Even more detailed analysis of what was announced by auctioneer Jonathan Humbert on-line at the time indicated that only two cars were bought on commission, 52 to absentee bidders on telephones and 59, the majority, to those who elect to do their shopping, even for high value items, on the two internet platforms. RH-E

For the most accurate reality scroll on what is really being paid for classics behind closed doors in the virtual world of on-line auctions can be yours, entirely free of charge, by clicking on to ‘Latest Prices’ on the home page menu-bar above.
Here you will see, in budget-friendly price order, just how much successful bidders have been spending during previous months to buy what classics, an abbreviated indicator for which also gives you some idea of their likely condition
And for faster insider gen on the virus-changing auctions circuit, best advice is click onto ‘More News’ below (or select ‘News’ on the menu-bar options) and scroll-down to scan recent transmissions. Whilst regular overviews of the auction market appear in ‘Market Commentary’. Thanks for your support.



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Welcome to truly independent market analysis that is refreshingly free from advertiser influence. A one-stop site that aims to do exactly what it says in the title. Review classic auctions to highlight which cars are selling, for how much and, most importantly, why. But also do so entirely free of charge.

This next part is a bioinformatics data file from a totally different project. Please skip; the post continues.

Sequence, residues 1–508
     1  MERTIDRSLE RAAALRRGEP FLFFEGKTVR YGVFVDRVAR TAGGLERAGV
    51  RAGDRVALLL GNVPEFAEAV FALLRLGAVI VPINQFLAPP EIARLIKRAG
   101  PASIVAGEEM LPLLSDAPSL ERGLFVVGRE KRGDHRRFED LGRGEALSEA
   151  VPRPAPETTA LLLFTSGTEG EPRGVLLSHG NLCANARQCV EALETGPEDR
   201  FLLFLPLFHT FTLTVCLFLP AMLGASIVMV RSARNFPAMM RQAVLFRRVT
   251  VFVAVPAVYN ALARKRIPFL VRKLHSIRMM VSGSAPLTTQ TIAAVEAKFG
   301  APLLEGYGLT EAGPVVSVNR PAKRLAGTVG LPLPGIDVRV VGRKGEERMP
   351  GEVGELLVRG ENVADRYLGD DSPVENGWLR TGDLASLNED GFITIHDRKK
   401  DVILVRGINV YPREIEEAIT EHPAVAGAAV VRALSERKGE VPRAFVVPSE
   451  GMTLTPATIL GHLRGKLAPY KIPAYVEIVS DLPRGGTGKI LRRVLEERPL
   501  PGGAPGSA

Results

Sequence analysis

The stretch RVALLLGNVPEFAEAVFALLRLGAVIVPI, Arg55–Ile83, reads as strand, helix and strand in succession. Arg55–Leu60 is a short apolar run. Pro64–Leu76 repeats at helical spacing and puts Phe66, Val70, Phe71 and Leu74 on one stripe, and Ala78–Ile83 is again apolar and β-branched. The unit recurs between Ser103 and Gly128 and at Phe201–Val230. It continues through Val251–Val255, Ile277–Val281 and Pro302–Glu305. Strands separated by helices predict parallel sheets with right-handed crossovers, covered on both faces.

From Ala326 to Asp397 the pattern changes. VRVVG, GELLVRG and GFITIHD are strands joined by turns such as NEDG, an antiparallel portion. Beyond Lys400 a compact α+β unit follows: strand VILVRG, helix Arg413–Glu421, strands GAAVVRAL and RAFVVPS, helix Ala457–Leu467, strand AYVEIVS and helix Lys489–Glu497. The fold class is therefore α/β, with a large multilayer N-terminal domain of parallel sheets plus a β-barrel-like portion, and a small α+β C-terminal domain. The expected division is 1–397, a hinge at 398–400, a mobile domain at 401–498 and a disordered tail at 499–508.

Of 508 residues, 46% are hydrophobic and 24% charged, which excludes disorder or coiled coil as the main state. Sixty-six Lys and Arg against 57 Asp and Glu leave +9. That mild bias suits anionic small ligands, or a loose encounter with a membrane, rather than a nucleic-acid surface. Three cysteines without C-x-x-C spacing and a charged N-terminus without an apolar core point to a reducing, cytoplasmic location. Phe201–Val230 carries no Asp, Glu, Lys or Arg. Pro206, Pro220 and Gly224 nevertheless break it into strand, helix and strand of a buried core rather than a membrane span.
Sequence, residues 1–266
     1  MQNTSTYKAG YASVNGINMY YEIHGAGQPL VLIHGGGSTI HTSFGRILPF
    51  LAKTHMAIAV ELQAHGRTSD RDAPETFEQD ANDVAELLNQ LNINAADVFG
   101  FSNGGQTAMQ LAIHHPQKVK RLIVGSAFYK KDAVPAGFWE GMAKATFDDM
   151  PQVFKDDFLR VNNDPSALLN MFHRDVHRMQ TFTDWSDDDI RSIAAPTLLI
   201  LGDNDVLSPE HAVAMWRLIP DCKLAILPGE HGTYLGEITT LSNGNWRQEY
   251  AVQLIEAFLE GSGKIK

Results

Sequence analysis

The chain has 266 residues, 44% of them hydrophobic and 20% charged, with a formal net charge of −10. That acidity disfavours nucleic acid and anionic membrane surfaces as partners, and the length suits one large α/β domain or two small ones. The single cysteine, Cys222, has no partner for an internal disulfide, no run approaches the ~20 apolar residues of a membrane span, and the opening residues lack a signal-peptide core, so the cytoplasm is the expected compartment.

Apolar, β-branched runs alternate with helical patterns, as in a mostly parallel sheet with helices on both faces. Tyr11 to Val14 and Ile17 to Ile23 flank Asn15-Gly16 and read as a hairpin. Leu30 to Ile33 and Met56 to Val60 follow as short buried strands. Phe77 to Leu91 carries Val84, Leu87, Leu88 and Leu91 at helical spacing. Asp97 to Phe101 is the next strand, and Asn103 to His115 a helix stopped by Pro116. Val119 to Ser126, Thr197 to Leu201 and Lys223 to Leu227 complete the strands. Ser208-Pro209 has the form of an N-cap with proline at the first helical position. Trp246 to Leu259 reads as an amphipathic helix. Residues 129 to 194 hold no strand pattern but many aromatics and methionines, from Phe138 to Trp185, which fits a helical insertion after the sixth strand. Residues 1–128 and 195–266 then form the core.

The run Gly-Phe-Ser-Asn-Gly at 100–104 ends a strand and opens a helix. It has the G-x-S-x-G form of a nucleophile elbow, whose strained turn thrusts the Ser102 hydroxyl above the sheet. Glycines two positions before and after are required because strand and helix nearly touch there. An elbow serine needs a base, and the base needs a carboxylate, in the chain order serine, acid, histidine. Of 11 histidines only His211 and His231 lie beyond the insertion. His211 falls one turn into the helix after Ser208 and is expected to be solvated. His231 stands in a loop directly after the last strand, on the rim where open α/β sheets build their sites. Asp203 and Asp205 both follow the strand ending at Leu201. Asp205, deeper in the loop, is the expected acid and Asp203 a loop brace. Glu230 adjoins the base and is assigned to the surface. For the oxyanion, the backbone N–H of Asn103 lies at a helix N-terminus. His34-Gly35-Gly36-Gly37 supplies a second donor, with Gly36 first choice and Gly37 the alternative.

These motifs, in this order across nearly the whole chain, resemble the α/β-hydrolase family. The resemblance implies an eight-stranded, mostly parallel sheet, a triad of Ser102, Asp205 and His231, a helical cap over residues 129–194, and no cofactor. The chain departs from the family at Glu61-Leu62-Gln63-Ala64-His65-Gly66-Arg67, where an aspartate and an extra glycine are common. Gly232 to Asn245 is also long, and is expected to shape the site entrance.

For unlike most of the terminal-bound media, C.A.R. comment aims to be far better informed from physically checking out the metal in the field. For before pressing any keys, we drive the miles to provide consumers with a fake news free take on market reality.

Wandering mice will find no ‘asking prices’ that are not necessarily being achieved here. Only regular on-line reviews (both latest and previously published ones) reporting and commenting on market movement in independently monitored public auctions. In short, the only reliable valuations resource in the UK for potential buyers and vendors as well as all those in the auctions, funding and litigation business.

This website does not collect any of your personal information, and will not send out any unsolicited emails. The site does not display feeds from social media.

We thank all our 'supporting' auction houses for their belief in the independence of our platform and urge you to click-check what lots they have consigned in their upcoming sales.


    Classic Auction Review congratulates Josh Fisher on winning the 2019 Castle Combe FF1600 Championship in the C.A.R. supported 1999 Van Diemen RF99/JL14 run by Wayne Poole Racing.
    With victory at the Grand Finals Day round on 14 September, 2008 and 2017 Champion Fisher has therefore secured his third FF1600 title for WPR with 6 wins, 3 seconds and a third place at the West Country circuit.
    Our thanks to Swindon Powertrain for building a race winning engine, the WPR crew for preparing a car that has achieved a 100% finishing record and, of course, to photographer Mike Stokes for digitally capturing the action.